Government and Private Industry: Partners in Cybersecurity

Recently I had the pleasure of participating in Stanford University’s inaugural Cybersecurity Boot Camp. Attendees included two dozen senior congressional staffers, Silicon Valley business leaders and members of academia. We gathered to further the discussion on cybersecurity threats facing the United States and to arm our congressional colleagues with perspectives important for legislation to better protect our networks and infrastructure.

Raj Shah

Raj Shah moderates a panel discussion at Stanford’s Cybersecurity Boot Camp, while Ellen Richey, executive vice president and chief risk officer at Visa, looks on. Photo by Ron Searcey

I moderated a panel discussion that covered a variety of issues related to cybersecurity and featured panelists with a wealth of information to share, including:

  • Ellen Richey, executive vice president and chief enterprise risk officer at Visa
  • Scott Charney, corporate vice president for Trustworthy Computing at Microsoft
  • Melody Hildebrant, global head of cybersecurity at Palantir
  • David Liddle, venture partner at U.S. Venture Partners

Some of the key takeaways from the discussion included:

  • The fallout from the Snowden affair made some companies wary of working closely with the U.S. government out of fear it could alienate foreign customers and impact their international lines of business.
  • Security companies don’t see the world in terms of nation states; they see customers. And the best policy when working with customers is mutual trust, transparency and a respect of privacy.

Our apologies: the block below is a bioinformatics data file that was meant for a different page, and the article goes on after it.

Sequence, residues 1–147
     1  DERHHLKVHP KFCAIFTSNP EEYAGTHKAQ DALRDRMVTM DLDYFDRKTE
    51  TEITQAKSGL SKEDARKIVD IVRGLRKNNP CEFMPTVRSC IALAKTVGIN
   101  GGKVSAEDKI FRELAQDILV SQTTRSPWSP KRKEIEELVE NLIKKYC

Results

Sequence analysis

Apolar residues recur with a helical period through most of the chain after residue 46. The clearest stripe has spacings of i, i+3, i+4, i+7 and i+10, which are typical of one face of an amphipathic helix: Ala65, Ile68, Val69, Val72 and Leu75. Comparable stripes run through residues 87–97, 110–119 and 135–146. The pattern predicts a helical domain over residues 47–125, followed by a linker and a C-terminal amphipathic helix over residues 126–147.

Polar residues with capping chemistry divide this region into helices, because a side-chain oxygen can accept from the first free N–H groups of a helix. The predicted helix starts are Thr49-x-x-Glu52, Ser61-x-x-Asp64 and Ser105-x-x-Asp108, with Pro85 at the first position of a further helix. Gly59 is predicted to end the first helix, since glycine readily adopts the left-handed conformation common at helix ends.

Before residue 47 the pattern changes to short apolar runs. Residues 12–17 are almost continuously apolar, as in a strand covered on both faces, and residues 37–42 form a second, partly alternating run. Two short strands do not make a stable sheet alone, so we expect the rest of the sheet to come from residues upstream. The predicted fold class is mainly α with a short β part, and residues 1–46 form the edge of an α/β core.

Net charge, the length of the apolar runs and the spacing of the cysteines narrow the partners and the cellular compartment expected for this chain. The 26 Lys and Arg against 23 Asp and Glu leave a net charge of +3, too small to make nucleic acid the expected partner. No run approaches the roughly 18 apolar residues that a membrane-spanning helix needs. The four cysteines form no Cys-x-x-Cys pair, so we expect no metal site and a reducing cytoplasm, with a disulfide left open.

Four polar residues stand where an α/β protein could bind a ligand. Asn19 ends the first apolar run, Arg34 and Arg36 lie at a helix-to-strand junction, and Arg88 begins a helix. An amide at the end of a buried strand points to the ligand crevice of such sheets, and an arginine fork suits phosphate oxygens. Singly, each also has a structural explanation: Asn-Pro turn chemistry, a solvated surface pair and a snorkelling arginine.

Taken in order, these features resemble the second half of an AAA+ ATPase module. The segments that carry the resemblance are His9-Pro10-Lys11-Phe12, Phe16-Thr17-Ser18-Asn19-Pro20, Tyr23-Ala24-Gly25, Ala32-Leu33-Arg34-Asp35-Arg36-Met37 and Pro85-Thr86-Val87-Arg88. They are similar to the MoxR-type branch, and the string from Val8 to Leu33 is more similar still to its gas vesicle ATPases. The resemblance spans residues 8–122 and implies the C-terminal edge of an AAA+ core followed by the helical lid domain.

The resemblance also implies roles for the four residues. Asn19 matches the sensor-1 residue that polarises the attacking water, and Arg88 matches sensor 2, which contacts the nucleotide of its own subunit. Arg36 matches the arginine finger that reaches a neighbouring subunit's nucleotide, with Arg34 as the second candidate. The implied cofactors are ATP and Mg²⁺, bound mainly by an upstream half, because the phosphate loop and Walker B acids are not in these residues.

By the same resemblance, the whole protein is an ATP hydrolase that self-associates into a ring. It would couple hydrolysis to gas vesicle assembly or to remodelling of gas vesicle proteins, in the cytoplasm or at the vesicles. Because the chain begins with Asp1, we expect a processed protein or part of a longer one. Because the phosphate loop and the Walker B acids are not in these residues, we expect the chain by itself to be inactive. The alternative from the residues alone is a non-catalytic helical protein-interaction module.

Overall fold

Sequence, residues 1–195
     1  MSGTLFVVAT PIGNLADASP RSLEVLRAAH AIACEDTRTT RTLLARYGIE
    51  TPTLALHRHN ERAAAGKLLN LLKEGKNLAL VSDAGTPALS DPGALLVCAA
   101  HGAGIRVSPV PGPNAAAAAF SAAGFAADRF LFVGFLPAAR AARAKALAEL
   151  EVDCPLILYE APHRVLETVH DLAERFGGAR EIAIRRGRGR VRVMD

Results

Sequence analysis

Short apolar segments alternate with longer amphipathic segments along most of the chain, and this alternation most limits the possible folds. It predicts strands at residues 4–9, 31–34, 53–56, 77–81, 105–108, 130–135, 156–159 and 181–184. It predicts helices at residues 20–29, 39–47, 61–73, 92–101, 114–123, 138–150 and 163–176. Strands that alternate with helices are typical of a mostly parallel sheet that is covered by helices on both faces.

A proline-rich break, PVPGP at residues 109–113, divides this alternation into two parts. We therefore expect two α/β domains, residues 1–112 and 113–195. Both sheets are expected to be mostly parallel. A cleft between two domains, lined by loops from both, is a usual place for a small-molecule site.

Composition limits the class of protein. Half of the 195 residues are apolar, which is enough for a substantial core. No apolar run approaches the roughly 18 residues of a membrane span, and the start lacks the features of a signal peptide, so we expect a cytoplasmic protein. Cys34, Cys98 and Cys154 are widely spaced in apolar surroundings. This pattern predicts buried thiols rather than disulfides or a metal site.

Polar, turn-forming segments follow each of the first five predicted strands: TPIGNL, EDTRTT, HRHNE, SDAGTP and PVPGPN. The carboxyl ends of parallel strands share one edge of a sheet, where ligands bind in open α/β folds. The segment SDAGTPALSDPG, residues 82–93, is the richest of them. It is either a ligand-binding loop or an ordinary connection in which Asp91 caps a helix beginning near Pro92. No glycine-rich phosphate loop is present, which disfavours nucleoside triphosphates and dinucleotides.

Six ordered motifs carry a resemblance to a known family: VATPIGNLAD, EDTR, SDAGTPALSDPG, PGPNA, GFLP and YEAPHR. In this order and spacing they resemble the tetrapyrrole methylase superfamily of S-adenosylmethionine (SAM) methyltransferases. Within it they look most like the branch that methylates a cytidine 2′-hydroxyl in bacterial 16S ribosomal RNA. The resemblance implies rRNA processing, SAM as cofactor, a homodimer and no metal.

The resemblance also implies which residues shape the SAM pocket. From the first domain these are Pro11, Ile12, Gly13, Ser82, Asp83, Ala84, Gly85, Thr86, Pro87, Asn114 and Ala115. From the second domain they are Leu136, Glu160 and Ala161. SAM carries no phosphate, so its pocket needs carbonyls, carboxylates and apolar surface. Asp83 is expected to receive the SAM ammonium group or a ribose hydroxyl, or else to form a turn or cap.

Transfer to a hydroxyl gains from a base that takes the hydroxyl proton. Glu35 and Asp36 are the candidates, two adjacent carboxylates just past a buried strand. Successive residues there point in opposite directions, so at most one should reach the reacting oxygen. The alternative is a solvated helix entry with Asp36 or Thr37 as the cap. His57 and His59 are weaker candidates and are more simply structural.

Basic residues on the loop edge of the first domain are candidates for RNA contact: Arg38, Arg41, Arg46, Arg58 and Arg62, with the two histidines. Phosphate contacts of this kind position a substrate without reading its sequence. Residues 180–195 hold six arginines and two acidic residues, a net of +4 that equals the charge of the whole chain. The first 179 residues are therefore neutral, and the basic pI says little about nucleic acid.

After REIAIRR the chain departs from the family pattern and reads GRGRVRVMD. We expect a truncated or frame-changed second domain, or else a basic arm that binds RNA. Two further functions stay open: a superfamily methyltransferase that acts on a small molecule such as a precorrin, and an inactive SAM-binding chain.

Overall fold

• While relations between government, law enforcement and private industry are improving, fellow companies are often still the best resources for threat intelligence. The financial sector in particular was cited as having strong, though in some cases informal, mechanisms in place for sharing valuable intel on APT and malware.
  • While China is viewed as a significant threat to private sector intellectual property, the opportunity of the Chinese market is too large for companies to ignore. In some ways, dealing with cybersecurity threats from China has become just another cost of doing business.
  • Private industry should remember that the U.S. government has to make some very difficult decisions when it comes to investigating (and sometimes prosecuting) nation states involved in cyberattacks. The State Department is often times trying to build stronger political and economic influence with these countries, and these efforts can be severely compromised by U.S. actions against cyberattackers.

While there are significant challenges that need to be addressed in order for U.S. businesses and government agencies to improve the country’s cybersecurity posture, it was exciting to see these business and government decision makers come together and listen to each another. The desire to work together was palpable and I look forward to attending future cybersecurity boot camps.

I had an opportunity to give a quick summary of why this event was so important, which you can see here.

Many thanks to Stanford’s Center for International Security and Cooperation and the Hoover Institution for organizing the event.

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